capitalism

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English[edit]

Etymology[edit]

From French capitalisme (the condition of one who is rich). First used in English by novelist William Thackeray in 1854.

Noun[edit]

capitalism (countable and uncountable, plural capitalisms)

  1. (politics, uncountable) a socio-economic system based on private property rights, including the private ownership of resources or capital, with economic decisions made largely through the operation of a market unregulated by the state.
  2. (economics, uncountable) a socio-economic system based on the abstraction of resources into the form of privately owned capital, with economic decisions made largely through the operation of a market unregulated by the state.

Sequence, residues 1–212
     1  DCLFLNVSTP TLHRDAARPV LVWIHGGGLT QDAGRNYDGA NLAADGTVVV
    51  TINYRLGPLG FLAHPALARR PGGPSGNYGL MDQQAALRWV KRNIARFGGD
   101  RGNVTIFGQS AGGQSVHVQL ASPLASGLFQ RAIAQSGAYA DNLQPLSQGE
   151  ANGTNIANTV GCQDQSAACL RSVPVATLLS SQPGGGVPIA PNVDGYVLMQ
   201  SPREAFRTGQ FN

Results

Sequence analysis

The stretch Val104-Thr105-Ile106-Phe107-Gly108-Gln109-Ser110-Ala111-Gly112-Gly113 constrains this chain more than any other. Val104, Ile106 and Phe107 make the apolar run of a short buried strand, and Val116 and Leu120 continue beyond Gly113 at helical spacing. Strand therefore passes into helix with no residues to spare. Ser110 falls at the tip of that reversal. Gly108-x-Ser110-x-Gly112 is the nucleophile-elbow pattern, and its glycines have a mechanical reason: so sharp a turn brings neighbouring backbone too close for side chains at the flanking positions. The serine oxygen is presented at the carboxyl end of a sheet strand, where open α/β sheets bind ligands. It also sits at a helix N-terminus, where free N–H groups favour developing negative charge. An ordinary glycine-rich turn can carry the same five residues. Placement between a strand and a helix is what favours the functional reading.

3. (countable) a specific variation or implementation of either such socio-economic system.

Quotations[edit]

  • 1855, William Makepeace Thackeray, The Newcomes: memoirs of a most respectable family, volume 2, page 75:
    The Prince de Moncontour took his place with great gravity at the Paris board, whither Barnes made frequent flying visits. The sense of capitalism sobered and dignified Paul de Florac: at the age of five-and-forty he was actually giving up being a young man, and was not ill-pleased at having to enlarge his waistcoats, and to show a little gray in his mustache.

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